Cablegate: Turkish State Security Court Re-Convicts Leyla Zana, Co-Defendants; Verdict Will Be Appealed

This record is a partial extract of the original cable. The full text of the original cable is not available.

220544Z Apr 04

C O N F I D E N T I A L SECTION 01 OF 02 ANKARA 002294



E.O. 12958: DECL: 04/21/2014


(U) Classified by Polcouns John Kunstadter; reasons 1.4 (b,d).

1. (U) Summary: An Ankara State Security Court (SSC) April 21
re-convicted Leyla Zana and three other Kurdish former MPs
charged with being members of the terrorist PKK, ending a
contentious 13-month retrial that has been widely criticized
by human rights advocates and EU parliamentarians as unfair.
The ruling affirms the original 1994 verdict. The defense
has already filed an appeal. In any event the defendants are
expected to be released in 2005. Current AKP government
plans to introduce legislation in May that would abolish the
SSCs. End Summary.

2. (U) The SSC's verdict repeats the original conviction and
15-year sentence set in the defendants' controversial 1994
trial. The European Court of Human Rights (ECHR) ruled in
2001 that the 1994 trial was unfair; a retrial was granted in
March 2003 following GOT enactment of a EU-related reform
under which ECHR rulings are grounds for a possible retrial
in a Turkish court. In accordance with the Anti-Terror Law,
the convicts are expected to serve three-fourths of their
sentence, meaning they will be released in 2005. Based on
the date of their original incarceration, three would be
released in March and one in October.

3. (U) Lead defense attorney Yusuf Alatas told us after the
trial that he had already filed an appeal to a Turkish
appellate court, and will apply separately to the ECHR. The
ECHR has frequently overturned SSC convictions.

4. (U) The three judges on the SSC panel announced the
verdict to a hushed courtroom after a 5-minute recess.
Spectators -- including Kurdish rights activists, defendants'
relatives, foreign diplomats, members of international NGOs,
and European Parliament officials -- filed quietly out of the
room. The defendants were not present; they began boycotting
the sessions in March to protest a reported accusation by
Justice Minister Cicek that they had "insulted" the court.
On the courthouse steps, Alatas and European Parliament MP
Luigi Vinci jointly addressed a large group of reporters.
Vinci called the ruling an "insult" to the EU and ECHR and
accused the court of bias against the defendants. Alatas
said he had expected the decision, and argued that the court
had revealed its "prejudiced" approach by repeating the
decision reached in the original trial, despite the ECHR

5. (U) The defendants -- Leyla Zana, Hatip Dicle, Orhan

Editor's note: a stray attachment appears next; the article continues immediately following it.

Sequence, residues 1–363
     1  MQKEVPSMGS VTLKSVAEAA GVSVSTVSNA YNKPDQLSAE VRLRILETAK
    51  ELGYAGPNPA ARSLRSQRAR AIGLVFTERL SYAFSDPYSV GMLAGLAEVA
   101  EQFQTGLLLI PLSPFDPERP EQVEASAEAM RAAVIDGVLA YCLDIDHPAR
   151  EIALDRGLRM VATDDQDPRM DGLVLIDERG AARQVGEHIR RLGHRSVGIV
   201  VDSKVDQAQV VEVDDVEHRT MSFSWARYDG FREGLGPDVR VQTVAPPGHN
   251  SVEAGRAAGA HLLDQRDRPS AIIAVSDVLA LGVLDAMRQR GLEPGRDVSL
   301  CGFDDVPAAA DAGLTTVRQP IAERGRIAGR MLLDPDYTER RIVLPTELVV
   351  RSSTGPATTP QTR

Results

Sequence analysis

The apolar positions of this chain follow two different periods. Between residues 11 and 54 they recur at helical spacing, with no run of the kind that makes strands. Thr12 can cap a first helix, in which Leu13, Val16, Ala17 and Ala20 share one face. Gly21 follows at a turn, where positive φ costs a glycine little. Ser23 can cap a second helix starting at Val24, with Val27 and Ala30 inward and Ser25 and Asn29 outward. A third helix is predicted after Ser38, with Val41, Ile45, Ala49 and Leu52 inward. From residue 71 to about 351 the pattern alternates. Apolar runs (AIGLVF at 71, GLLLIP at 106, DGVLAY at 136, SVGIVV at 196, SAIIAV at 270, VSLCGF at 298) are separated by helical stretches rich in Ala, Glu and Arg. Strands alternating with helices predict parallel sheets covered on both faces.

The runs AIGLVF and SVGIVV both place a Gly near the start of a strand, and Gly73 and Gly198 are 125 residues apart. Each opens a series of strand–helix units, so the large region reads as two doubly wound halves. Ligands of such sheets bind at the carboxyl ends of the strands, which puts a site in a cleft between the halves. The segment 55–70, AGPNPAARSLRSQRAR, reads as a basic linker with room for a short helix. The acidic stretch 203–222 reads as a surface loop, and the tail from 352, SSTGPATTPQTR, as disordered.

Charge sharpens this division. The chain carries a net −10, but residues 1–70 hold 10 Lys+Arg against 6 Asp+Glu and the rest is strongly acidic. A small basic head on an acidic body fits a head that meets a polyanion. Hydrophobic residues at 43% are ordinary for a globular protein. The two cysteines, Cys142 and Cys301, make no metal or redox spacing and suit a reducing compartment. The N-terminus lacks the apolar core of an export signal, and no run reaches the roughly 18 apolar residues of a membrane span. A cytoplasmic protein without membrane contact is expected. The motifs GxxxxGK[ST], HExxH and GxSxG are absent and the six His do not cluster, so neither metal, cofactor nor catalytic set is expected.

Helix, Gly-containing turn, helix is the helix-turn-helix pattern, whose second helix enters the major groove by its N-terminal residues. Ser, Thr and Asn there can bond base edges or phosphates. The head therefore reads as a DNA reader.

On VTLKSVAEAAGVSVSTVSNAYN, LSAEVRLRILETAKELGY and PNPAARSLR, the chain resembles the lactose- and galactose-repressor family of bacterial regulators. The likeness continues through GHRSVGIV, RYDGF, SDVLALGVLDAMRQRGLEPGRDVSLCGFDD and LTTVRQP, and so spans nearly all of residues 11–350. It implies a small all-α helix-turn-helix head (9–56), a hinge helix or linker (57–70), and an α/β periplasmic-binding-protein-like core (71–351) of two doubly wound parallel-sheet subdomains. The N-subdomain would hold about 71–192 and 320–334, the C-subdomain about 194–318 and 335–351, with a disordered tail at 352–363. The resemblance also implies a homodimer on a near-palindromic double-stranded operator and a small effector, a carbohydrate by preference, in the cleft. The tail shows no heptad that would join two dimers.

Dogan, and Selim Sadak -- are former members of the
pro-Kurdish-independence Democracy Party, which has since
been banned. They were convicted of "staging separatist
activities both in Turkey and abroad" as members of the PKK.
At each of 13 consecutive trial sessions the court refused
defense requests to have the defendants released pending the
outcome of the trial. Alatas repeatedly argued the court was
obligated to release his clients in light of the ECHR ruling
in their favor. He also argued unsuccessfully that Chief
Judge Mehmet Orhan Karadeniz should remove himself from the
case because he voted against granting the re-trial (but was
outvoted by the other two SSC judges).


6. (C) The SSC system has been an enduring obstacle to
judicial reform in Turkey. SSCs have the authority to hold
closed sessions and admit testimony taken under police
interrogation in the absence of counsel. SSCs have often
convicted without persuasive evidence. Moreover, SSCs,
ostensibly designed to try terrorists and other dangerous
criminals, have been used routinely in the past by the State
to intimidate and silence its critics. Many defendants tried
in SSCs have been charged for non-violent expressions
"insulting" the State and its institutions. The bulk of ECHR
rulings against Turkey result from SSC convictions deemed in
violation of the right to a fair trial.

7. (C) The current AKP government appears set finally to
address the problem. A raft of constitutional amendments
scheduled to be introduced in Parliament in May includes a
measure that would eliminate the SSCs. Another measure would
revise the physical structure in SSCs and heavy penal courts
that places prosecutors and judges together on an elevated
platform, while leaving defense attorneys seated below.
Under the revisions, defense attorneys and prosecutors would
both sit at ground-level, designating (at least formally)
equal status in the courtroom.

8. (U) As at an earlier stage in the re-trial, chairman of
the EU parliamentary ad hoc observer delegation Lagendijk
issued a tough criticism of the court's conduct, including
the court's refusal to allow defense witnesses to testify.
To date Post has refrained from commenting publicly on the
re-trial; given the defense lawyers' appeal, we plan to avoid
public comment on the verdict.


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